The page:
eli5 why does submerging something in oil create an anaerobic condition while submerging something in water doesn’t?


I am just really confused about aerobic and anaerobic enviroments.
Also, my english is pretty shitty

In: 1

A lot of oxygen is dissolved in water – that’s how fish and other aquatic life including plants and algae live. Oxygen (and CO2 and nitrogen) readily dissolve in water, as you can see in carbonated drinks for example, because there’s room between water molecules for gas molecules to sit around. Oils and fats are made of triglycerides which are long organic molecules that are folded in many ways and have a lot of surface areas to “rub against each other” (that’s why oils are viscous and appear thick). That doesn’t leave much room between the molecules for anything, so gas can’t dissolve in it.

Have you heard of solubility?
We can take sugar and water as an example. Sugar is a solid. Water is a liquid. When mixing the two you get sugar solution i. e sugar is dissolved in water. You can’t differentiate between sugar and water in the sugar solution.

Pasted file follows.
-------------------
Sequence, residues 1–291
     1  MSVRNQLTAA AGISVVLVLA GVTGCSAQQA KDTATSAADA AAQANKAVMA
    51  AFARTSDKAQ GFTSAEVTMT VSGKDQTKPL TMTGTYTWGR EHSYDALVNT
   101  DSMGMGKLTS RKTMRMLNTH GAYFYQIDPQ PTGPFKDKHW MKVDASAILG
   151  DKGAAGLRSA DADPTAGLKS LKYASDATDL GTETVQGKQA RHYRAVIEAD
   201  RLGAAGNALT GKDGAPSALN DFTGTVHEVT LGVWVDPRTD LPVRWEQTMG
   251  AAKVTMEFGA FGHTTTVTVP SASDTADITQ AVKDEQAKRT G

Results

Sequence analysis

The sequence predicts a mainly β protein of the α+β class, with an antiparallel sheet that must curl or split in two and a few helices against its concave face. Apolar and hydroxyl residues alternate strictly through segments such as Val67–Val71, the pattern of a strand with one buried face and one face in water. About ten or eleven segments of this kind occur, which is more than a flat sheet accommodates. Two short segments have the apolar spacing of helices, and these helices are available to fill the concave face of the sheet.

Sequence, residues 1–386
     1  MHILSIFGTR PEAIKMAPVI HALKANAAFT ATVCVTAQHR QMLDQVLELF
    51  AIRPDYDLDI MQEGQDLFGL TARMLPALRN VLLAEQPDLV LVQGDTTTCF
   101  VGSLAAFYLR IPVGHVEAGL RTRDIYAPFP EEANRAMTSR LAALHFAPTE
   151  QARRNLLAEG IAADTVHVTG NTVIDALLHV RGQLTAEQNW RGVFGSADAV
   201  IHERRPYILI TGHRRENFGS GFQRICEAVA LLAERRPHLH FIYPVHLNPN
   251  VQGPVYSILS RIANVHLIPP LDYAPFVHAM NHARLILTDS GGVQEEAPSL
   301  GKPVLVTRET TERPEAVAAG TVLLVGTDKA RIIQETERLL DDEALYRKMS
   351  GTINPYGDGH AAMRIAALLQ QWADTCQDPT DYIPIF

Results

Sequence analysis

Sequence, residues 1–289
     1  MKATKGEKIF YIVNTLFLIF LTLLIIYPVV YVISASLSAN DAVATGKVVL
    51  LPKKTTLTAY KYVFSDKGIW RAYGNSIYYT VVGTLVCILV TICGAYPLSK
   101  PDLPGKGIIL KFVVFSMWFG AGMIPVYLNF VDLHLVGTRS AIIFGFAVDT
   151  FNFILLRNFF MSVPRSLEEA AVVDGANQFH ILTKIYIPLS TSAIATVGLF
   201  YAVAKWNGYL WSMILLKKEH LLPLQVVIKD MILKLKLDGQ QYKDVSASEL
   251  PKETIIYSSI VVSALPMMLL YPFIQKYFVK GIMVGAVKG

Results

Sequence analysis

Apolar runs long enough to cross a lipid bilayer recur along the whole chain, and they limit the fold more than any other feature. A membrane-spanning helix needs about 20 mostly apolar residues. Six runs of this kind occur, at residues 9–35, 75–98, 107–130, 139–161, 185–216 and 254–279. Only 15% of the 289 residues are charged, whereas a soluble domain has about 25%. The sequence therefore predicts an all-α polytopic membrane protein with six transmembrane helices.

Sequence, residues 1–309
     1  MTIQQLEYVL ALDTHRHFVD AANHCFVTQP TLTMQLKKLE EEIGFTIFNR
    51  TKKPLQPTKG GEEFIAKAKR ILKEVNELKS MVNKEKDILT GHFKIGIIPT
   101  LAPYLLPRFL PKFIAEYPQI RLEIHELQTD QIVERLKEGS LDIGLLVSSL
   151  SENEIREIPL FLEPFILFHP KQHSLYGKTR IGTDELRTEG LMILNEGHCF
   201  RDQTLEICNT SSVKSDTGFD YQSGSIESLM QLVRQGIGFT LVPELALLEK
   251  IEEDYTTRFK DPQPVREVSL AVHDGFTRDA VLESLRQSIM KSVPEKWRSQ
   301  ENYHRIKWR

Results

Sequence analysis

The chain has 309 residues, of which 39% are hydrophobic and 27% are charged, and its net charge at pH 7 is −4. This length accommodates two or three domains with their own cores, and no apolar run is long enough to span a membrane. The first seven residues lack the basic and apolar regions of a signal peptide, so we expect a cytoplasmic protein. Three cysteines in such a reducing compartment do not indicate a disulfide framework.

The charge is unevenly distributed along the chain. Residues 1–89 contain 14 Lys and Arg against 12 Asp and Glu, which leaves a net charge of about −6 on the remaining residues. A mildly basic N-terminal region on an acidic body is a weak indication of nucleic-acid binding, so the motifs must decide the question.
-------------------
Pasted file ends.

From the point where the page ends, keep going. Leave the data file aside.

Let’s take another example. Water and drops of lemon juice. In this case both are liquids. Yet after mixing you get a solution where you can’t pin point where is water and where is the lemon drops.
Similarly water is capable of dissolving gases. Oxygen is fairly soluble in water. This means that it means that some amount of oxygen molecules exist in water. So these oxygen molecules can aid aerobic respiration (breakdown of molecules that require presence of oxygen).
Whereas in oil, oxygen doesn’t dissolve in oil. So due to unavailability of oxygen, anaerobic respiration (breakdown of molecules when oxygen is absent) takes place.
For a further thought, you can think of how photosynthesis takes place in underwater plants and underwater algae.